|Avoid Shifting Pronouns to Avoid Clarity Errors|
The use of pronouns can be a tricky thing, but errors can be avoided if you always check your antecedents.
The first common error that can be avoided by checking your antecedents is an inconsistent point of view. The second common error is the use of a vague or ambiguous reference.
Point of View and Pronoun ShiftThe point of view is the "relative position from which something is seen or a subject is considered" (Shaw 358). When this point of view changes, it can make your writing a bit confusing for a reader to understand, and that's never a good thing.
Take the following sentence, for example, which includes a shift in number: "A puppy can bring a person a lot of joy, but they are also a lot of work." Can you see it? The pronoun in the sentence is "they," which is plural. However, it's antecedent, or the word it refers to, is "puppy," which is singular.
The sentence needs to be corrected for the shift in number in order to clarify the pronoun-antecedent relationship: "A puppy can bring a person a lot of joy, but a puppy is also a lot of work," or "A puppy can bring a person a lot of joy, but he is also a lot of work."
Another type of pronoun shift is class or formality. For example, instead of writing "One should always return library books on time if you want to avoid fees," maintain either the third person or the second person throughout the sentence. To correct it you could write, "One should always return library books on time if one wants to avoid fees," or "You should always return library books on time if you want to avoid fees."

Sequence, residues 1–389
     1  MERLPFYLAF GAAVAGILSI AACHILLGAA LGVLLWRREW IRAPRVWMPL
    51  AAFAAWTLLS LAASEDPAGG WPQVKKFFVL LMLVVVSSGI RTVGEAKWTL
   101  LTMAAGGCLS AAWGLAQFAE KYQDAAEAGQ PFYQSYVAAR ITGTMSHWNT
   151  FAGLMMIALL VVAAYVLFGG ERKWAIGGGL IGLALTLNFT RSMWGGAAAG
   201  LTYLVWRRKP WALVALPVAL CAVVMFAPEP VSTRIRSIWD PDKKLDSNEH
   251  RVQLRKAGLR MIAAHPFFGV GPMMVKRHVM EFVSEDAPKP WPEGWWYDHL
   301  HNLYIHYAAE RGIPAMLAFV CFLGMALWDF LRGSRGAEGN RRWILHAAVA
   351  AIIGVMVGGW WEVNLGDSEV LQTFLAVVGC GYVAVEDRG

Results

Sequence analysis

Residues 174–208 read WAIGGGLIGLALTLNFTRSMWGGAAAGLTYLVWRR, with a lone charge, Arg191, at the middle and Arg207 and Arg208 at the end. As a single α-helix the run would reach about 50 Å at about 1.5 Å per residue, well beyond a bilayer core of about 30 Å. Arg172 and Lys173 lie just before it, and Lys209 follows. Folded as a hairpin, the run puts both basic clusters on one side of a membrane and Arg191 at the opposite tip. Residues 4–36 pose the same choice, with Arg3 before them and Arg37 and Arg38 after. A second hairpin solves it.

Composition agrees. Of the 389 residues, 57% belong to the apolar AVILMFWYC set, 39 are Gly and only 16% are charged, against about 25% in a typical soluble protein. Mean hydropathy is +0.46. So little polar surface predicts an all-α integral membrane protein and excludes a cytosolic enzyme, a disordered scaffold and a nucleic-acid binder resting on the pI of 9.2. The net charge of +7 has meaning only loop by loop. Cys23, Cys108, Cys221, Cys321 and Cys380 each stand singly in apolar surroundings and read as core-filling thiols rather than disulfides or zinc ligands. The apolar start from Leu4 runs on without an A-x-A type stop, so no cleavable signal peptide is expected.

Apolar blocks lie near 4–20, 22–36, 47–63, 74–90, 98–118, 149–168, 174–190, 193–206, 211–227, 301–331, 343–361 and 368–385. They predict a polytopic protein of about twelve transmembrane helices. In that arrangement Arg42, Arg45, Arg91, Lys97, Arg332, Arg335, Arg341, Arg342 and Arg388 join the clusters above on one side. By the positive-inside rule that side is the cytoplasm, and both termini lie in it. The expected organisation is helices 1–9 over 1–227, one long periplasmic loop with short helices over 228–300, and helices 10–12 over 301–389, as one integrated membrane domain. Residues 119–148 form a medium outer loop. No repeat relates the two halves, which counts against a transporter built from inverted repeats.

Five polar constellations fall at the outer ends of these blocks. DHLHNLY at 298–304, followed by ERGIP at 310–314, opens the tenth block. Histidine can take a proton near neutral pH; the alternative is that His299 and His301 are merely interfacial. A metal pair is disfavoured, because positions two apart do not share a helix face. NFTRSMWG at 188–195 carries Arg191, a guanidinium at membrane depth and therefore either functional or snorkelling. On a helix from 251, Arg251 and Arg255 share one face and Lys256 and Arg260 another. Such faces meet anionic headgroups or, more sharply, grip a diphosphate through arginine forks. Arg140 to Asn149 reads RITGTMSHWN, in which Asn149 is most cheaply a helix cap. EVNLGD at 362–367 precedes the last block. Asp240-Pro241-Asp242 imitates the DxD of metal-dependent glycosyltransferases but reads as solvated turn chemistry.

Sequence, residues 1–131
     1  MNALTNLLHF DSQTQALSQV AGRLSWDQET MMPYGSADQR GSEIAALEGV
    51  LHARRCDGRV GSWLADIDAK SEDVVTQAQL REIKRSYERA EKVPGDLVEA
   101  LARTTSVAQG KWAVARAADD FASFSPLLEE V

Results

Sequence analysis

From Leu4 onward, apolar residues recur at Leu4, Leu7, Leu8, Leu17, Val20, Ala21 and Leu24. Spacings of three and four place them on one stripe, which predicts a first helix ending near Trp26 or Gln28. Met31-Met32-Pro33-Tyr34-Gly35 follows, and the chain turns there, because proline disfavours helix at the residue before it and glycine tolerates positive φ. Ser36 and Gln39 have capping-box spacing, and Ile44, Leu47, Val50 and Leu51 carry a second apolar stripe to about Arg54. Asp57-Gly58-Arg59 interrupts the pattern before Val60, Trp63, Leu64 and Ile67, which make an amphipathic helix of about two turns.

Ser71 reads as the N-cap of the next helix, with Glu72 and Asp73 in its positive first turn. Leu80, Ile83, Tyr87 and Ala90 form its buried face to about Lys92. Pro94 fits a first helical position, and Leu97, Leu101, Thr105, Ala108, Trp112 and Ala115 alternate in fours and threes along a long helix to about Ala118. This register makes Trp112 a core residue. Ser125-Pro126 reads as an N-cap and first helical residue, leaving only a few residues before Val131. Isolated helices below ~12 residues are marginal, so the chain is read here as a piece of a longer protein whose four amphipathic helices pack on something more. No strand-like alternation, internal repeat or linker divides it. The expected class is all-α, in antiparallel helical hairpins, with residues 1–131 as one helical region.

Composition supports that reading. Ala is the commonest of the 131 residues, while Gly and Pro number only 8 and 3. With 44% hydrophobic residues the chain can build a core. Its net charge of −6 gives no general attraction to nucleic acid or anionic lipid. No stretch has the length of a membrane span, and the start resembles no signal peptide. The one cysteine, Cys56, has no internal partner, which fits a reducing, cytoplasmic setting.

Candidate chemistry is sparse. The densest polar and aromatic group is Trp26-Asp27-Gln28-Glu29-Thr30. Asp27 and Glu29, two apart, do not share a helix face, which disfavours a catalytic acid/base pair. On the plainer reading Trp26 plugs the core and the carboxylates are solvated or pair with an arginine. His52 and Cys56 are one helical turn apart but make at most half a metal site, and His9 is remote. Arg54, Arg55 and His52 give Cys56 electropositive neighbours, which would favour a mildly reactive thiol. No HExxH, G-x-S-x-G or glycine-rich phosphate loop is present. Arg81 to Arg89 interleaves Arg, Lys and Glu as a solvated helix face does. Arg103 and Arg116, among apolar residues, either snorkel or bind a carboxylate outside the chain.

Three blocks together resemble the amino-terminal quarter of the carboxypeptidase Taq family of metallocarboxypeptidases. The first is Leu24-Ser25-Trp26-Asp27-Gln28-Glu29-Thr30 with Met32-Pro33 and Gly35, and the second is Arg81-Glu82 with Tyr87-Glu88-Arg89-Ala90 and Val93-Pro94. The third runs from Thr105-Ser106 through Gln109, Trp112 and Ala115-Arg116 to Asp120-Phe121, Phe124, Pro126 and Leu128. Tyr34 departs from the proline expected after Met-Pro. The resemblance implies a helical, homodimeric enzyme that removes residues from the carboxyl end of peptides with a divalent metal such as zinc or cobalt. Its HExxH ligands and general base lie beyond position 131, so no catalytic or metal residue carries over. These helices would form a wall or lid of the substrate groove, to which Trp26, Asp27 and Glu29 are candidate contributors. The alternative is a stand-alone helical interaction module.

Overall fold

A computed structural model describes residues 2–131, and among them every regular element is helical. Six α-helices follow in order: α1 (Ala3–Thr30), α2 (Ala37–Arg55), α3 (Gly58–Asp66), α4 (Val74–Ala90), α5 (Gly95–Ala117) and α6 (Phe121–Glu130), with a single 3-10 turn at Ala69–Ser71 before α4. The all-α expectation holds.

Vague or Ambiguous PronounsWe call a sentence or phrase ambiguous when there are multiple meanings to choose from, but we don't know which meaning the writer means for us to choose. We say a sentence or phrase is vague when meaning is implied, or if we can't figure out any meaning. Here are some examples:
Ambiguous: "The veterinarian took the puppies and kittens from the pet carriers and placed them on the floor." The pronoun in the sentence is "them," but we aren't sure if "them" refers to the puppies, the kittens, or the pet carriers. What was placed on the floor? There are three different words in the sentence from which to choose, but the antecedent is ambiguous, so we just do not know.
In order to clarify our meaning we can say, "The veterinarian took the puppies and kittens from the pet carriers and placed the carriers on the floor."
Vague: "They have great desserts in Canada." If the writer means to say that Canadians make great desserts, she should use "Canadians" as the subject of her sentence. However, because the antecedent to the sentence is implied, does not appear in the sentence, she might also mean something else, like "restaurants," "French bakeries," or some other unknown subject. We simply do not know because the antecedent, the meaning of the pronoun, is missing. To correct the sentence the writer should use a specific noun as the subject instead of using a pronoun, which is a good rule of thumb for all sentences.
Revision and editing take time and practice, but if you know what to look for when checking your pronouns and antecedents, the process can be made much easier. Always check your pronouns for shifts in case or number and for vague or ambiguous antecedents.
Shaw, Harry. A Complete Course in Freshman English. 2nd revised ed. New York: Harper & Brothers, 1940. Print.
Copyright Amy Lynn Hess. Please contact the author for permission to republish.